FPF is pleased to announce the release of Stage One, Kubirri animation video. The video will be available for viewing from the 4th July 2017
Almost half of the roughly 6,900 languages spoken around the world today are endangered. Scarily, the rate of extinction is accelerating and there is a whole lot at stake.
Communities around the world are losing their indigenous tongue at an unprecedented rate. The grimmest predictions suggest up to 90% of the world’s languages will have disappeared by the end of this century.
A language becomes extinct when its last native speaker dies, and it’s usually the result of its speakers shifting to a lingua franca like English, Arabic or Spanish. This implies choice, but it’s often a history of marginalisation that leads to the change.
See the full article by Lauren Johnson at the NITV site
Education conference shares elders’ vision on language for future generations
The way to preserve a language is to start the lessons at home. And listen to your elders. It's a conversation happening at a Winnipeg conference with First Nations leaders, elders and educators.
Elder Mary Houle is from Ebb and Flow First Nation. Ojibway was her first language. She shared her vision at the First Nations Circle of Knowledge and Practices Conference.
"Our language was given to us. We have to speak our own language the way our mom and dad did," Houle said.
"You have to start that at home..."
See the full report from CBC News including pictures and video.
More Indigenous kids in remote Australia are killing themselves than anywhere else in the world. In the space of just one generation, the problem has gone from virtually non-existent, to endemic. It is devastating families and leaving a tidal wave of grief and despair in its wake. These are the people trying to pick up the pieces.
Click here to read the full story by Stephanie Zillman on ABC News.
First Peoples First Cultural Foundation issued its first official media release today, outlining its purpose and encouraging all Australians to join in saving our precious cultural heritage.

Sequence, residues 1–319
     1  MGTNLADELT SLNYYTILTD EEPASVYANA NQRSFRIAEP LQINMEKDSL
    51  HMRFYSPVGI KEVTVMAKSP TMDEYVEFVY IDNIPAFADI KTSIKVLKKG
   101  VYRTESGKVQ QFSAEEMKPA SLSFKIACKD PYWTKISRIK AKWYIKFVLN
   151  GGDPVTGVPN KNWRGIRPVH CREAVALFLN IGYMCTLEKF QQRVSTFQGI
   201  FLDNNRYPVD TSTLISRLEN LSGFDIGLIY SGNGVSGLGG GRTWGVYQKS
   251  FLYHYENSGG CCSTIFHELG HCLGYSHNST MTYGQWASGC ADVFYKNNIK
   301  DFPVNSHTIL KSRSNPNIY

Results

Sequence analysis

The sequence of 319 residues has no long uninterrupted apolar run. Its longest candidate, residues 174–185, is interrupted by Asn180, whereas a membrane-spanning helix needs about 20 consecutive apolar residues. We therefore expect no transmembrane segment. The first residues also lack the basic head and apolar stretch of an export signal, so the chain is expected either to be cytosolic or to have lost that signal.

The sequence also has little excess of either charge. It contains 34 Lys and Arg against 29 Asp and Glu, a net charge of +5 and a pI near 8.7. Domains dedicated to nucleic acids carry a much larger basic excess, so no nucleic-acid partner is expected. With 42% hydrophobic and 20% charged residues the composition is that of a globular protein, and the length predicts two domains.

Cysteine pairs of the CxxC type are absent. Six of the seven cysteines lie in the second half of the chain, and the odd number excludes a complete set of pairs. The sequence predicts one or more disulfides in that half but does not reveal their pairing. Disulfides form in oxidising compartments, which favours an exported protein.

Read the contents of the release below (click on "Read More")
or download the Media Release as a PDF.
Bilingual brains have better attention and focus, study finds
Scientists have found that knowing more than one language can help make you smarter. An article by David Nield on the Science Alert website says researchers in the UK found that bilinguals are better able to zero in on the task at hand than those who only know one language.
Radio Adelaide's Peace of the Action podcast – 11 Sept 2016: Sue and Clayton chat with John Hartley about the First People’s First Cultural Foundation, as well as with Eunice Rodgers. Songs from both are included in the podcast….
With stunning photos and stories, National Geographic Explorer Wade Davis celebrates the extraordinary diversity of the world's indigenous cultures, which are disappearing from the planet at an alarming rate.
View the video below or on TED with interactive transcript.
The following article, including video, can be found here at The Guardian website. Following is an excerpt..
Only a handful of frail elders speak our language. Our youth can save it, but the language can also save our youth and reconnect them with their heritage.
The symbology of the First Peoples First logo
Here in our logo you will see the four primary colours of humanity – black, yellow, red, and white – all encapsulated with the circle representing mutual exchange, interdependence, connection and reciprocity. And also the universal themes of Country, Culture, Family Future.
Simply stated: In the circle “We All Belong" and “We Are All Responsible”.
You will also notice red dots representing a low burning fire. Customarily, in some nations, good manners dictated when entering into another’s Country to light a small fire and wait until approached, so right-way relationships were worked out and invitations extended and shelter rest and food offered.
We at the FPF Cultural Foundation Inc. trust that you will see this fire, feel its warmth, invite us in and join with us in the work that needs to be done to ensure First Peoples' cultural values, beliefs and practices continues to enrich all future generations.